SLIPPING AND SLIDING
January 19th, 2018 | Kevin C. Quinn
For all of its beauty, winter can be an unpredictable time. Attorney Kevin C. Quinn and the team at HKQ Law want to help you and your family deal with this season’s pitfalls. In this article, we’ll explore a few challenges that we face when traveling by car and or foot.
Hazardous driving conditions
Every year, over 100,000 people are injured and more than 1,300 are killed on snowy, slushy or icy roads. However, there are steps you can take to make winter travel a little safer. Start by winterizing your vehicle. Check your battery, belts, hoses, radiator, oil, transmission fluid, lights, brakes, exhaust system, defroster, heater, windshield wipers, ignition system, tires and tire pressure. Each time the outside temperature drops 10 degrees, the air pressure in your tires will go down one or two pounds per square inch. Underinflated tires make steering more difficult in slippery conditions.
Speaking of tires, if the winter temperatures where you live are regularly below 45 degrees F, like right here in Northeastern Pennsylvania, it is recommended that you invest in a set of four winter tires. Keep in mind that winter tires are designed not just for icy or snowy conditions, but also for low temperatures. Their special rubber compounds stay pliable in the cold, giving them better grip and improved braking. The tread compound of summer and all-season tires can harden in low temperatures, decreasing traction.
Before you start driving, clear all the snow or ice off of your vehicle, including the roof. Motorists who fail to do so could face serious fines if any snow or ice falls from their vehicle and causes injury or death to other drivers or pedestrians. What’s more, snow or ice slipping down from the top of your vehicle can impair your view.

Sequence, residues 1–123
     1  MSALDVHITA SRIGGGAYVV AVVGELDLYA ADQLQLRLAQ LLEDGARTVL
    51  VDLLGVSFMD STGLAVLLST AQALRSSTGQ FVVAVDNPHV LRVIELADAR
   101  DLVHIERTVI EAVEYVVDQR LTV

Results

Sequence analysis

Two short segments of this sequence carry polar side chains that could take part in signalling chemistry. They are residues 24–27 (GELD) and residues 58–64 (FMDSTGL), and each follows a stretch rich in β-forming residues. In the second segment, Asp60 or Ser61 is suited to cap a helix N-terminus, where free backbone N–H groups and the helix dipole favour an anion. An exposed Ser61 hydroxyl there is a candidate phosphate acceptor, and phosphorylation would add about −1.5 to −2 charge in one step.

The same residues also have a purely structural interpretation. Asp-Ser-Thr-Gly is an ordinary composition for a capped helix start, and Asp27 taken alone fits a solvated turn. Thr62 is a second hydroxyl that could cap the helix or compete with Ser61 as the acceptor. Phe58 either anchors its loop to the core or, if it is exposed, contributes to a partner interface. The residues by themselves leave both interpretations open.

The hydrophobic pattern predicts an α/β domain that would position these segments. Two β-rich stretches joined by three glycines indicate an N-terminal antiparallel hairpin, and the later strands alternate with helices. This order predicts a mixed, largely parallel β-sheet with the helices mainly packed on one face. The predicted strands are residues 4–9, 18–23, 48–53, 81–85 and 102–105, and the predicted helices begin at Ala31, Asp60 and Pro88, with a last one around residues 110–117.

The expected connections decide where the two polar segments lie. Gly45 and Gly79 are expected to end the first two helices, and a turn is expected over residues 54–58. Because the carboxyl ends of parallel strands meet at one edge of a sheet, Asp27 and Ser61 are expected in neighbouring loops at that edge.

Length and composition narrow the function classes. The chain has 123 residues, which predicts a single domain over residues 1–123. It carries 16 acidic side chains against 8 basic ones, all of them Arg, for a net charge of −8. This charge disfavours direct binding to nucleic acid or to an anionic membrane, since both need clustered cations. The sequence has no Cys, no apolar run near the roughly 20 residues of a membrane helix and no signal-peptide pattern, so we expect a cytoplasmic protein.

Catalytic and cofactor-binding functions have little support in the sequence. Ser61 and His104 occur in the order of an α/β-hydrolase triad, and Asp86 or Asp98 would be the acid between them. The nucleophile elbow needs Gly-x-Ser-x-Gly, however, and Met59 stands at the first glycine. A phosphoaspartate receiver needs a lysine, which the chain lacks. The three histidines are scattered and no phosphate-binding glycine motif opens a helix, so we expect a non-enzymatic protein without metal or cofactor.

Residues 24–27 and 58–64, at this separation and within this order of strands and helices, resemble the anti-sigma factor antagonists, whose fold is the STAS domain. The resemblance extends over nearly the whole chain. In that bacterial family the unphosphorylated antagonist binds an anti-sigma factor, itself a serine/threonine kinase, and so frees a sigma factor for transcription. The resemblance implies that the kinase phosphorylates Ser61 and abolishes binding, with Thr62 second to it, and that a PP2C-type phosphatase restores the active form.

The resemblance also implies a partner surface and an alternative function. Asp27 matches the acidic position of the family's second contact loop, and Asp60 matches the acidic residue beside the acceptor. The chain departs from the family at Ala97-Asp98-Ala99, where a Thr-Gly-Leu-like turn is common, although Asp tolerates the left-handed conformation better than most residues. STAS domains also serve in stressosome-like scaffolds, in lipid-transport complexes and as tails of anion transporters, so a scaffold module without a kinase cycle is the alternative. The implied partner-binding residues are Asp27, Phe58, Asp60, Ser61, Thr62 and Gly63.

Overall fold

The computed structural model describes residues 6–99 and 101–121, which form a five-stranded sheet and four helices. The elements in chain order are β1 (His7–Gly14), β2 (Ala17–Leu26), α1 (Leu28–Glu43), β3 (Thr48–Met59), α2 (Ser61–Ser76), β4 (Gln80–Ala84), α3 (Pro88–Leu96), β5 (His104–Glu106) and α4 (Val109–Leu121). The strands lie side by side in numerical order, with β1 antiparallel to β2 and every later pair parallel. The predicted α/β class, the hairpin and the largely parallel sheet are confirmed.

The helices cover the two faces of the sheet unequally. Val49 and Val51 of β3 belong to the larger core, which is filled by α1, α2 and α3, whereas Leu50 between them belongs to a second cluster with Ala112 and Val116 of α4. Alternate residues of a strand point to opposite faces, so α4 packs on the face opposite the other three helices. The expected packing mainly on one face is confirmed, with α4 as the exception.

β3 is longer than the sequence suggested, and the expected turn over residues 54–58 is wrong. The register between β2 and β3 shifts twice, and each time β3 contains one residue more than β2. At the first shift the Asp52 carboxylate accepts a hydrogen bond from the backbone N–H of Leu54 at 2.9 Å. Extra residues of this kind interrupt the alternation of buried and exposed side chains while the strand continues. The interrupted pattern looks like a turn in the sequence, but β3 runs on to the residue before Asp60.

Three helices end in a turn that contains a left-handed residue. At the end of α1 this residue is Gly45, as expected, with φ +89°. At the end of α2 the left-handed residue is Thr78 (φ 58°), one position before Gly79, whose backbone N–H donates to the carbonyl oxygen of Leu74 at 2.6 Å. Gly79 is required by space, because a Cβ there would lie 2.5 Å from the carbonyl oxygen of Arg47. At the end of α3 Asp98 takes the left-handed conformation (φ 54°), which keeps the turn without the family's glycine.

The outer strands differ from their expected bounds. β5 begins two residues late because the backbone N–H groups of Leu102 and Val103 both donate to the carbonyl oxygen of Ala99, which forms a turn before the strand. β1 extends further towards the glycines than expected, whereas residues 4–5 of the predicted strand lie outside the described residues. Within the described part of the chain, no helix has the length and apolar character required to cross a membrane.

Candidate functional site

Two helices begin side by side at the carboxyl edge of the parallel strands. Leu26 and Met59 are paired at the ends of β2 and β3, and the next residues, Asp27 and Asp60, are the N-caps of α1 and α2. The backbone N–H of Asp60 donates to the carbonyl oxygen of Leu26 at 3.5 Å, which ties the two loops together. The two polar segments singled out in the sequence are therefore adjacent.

When driving on slippery roads, drive slowly. Increase your following distance. Don’t “power” up a hill. (Build up some inertia before you get to the hill.) Don’t stop going up a hill, unless absolutely necessary. Proceed down a hill as slowly as possible.
If you are going on a longer trip, take water and food in the event that you get stranded on the road due to a storm or accident. Make sure you have your cell phone and charger, blankets, any needed medication, and emergency items such as a tow rope, jumper cables, sand or cat litter (traction aid), a flashlight, matches and candles, flares, first aid kit, and a portable radio.
Should you become snow-bound, stay with your vehicle. Display a brightly colored cloth to signal distress. Don’t try to walk in a severe storm. At night, keep the dome light on if possible. Start the car and use the heater for about 10 minutes every hour. Make sure the exhaust pipe is clear of snow, ice and mud, and isn’t clogged. Keep one window slightly open to let in fresh air.
In Pennsylvania, an abutting property owner is primarily responsible for the removal of ice and snow on the sidewalk. It is not required that the sidewalk be free from snow and ice at all times. The property owner is given a reasonable amount to time to clear the sidewalk. To recover compensation after a fall on snow or an ice-covered sidewalk due to natural accumulations, a plaintiff must generally show three things:
(1) the ice and snow accumulated in ridges or elevations that unreasonably obstructed travel and constituted a danger to pedestrians,
(2) the property owner knew through constructive or actual notice of the existence of the condition, and
(3) it was this dangerous accumulation of ice and snow that caused the plaintiff’s fall.
This is known as the “Hills and Ridges Doctrine” but there are certain exceptions to its application.
Perilous parking lots
The owner (or sometimes the lessee) of a parking lot has a legal obligation to keep the lot safe. That includes clearing snow and ice. Prevailing in a lawsuit for a parking lot fall generally requires proof that a defendant (property owner or lessee) knew or should have known that the property was unsafe and still failed to remedy the condition, and that violation of duty caused your injury.
If you’ve experienced a serious injury as a result of someone else’s negligence, call HKQ Law at (800) 760-1529 to schedule your no-obligation consultation.